Rokeby Parish, 1848
ROKEBY (St. Mary), a parish, in the union of Teesdale, wapentake of Gilling-West, N. riding of York, 3 miles (S.E. by S.) from Barnard-Castle; containing 162 inhabitants. This place belonged to the Rokebys, a Saxon family, who had a fortified mansion here, which was almost wholly destroyed in the incursion made by the Scots after the battle of Bannockburn. The owner of Rokeby having become proprietor of Mortham, in the parish, by marriage with the heiress of the Manfields, built a dwelling there about the beginning of the reign of Edward III.; and the principal branch of the family made it their residence until the period of the Commonwealth, when they declined. Sir Thomas Robinson, Bart., built the present Rokeby Hall, planted the park and grounds, and added to the estate the manor and lands of Eggleston Abbey, which he purchased from the Lowthers. He afterwards disposed of the whole to John Sawrey Morritt, Esq., of Cawood, who removed hither, and died in 1791, leaving it in the possession of his son, the late J. B. Sawrey Morritt, Esq.
Rokeby is situated at the confluence of the Tees and the Greta. It has always been distinguished for the beauty of its river scenery, and has been celebrated by the poetry of Mason and Scott, both friends of the late owner, and the former of whom made it his favourite retreat. The Hall is in the Palladian style, adopted from Lord Burlington's designs, and after the model of the Italian villa; it contains some rare marbles, relics of high value, and pictures, chiefly collected by Sir Thomas Robinson. The parish comprises by measurement 1110 acres, of which 348 are arable, 705 grass-land, and 57 wood and plantations; the soil is generally a rich loam, and the majestic woods and verdant pastures on the banks of the rivers are proofs of its fertility. The living is a discharged rectory, valued in the king's books at £4. 3. 9., and in the patronage of the Crown: the tithes have been commuted for £151, and the glebe consists of 5 acres, with a good parsonage-house. The church, situated near the manor-house, was completed in 1778, by Sir Thomas Robinson, in lieu of one demolished in 1730; it is a small plain edifice, with an open belfry, and arched windows. A Roman road led through the parish; and here are vestiges of an encampment, near which various inscribed stones and other Roman relics have been found. In a close adjoining the embattled keep of Mortham, the ancient residence of the Rokebys, is a large tomb, removed thither from Eggleston Abbey, and the sides of which are ornamented with shields.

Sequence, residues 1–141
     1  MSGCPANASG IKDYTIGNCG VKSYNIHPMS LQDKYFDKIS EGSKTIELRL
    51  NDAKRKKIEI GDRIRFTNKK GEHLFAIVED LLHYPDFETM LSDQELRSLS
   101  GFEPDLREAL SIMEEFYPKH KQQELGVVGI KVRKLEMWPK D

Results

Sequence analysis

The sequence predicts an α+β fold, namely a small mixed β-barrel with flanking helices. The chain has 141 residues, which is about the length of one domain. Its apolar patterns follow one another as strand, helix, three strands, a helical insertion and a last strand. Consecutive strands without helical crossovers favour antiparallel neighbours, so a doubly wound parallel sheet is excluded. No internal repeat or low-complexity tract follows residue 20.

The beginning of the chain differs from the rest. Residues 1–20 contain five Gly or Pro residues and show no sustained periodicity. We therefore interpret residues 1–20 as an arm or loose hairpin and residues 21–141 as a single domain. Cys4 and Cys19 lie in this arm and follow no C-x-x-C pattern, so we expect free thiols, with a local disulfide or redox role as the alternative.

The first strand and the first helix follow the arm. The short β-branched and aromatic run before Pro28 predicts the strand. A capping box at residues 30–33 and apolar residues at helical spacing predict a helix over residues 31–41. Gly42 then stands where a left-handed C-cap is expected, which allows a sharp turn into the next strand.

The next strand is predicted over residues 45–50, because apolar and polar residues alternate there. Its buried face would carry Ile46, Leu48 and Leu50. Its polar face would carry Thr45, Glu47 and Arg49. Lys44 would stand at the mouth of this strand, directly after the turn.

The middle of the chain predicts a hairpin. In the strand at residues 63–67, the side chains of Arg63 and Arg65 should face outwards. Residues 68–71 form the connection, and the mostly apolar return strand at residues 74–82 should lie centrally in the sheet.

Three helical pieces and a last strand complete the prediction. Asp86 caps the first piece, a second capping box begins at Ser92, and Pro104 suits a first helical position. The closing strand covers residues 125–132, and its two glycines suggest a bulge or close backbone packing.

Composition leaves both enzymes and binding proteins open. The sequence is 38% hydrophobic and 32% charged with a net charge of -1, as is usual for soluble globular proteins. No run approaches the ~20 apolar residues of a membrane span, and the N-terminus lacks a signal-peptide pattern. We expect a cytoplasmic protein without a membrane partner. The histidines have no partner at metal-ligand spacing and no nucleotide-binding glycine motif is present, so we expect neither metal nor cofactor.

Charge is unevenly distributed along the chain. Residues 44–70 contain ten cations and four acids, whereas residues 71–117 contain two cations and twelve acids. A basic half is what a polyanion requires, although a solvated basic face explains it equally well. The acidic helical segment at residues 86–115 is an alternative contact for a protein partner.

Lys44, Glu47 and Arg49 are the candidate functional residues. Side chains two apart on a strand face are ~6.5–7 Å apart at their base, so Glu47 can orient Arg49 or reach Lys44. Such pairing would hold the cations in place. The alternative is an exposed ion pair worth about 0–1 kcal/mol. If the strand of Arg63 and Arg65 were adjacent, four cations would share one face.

Extract from: A Topographical Dictionary of England comprising the several counties, cities, boroughs, corporate and market towns, parishes, and townships..... 7th Edition, by Samuel Lewis, London, 1848.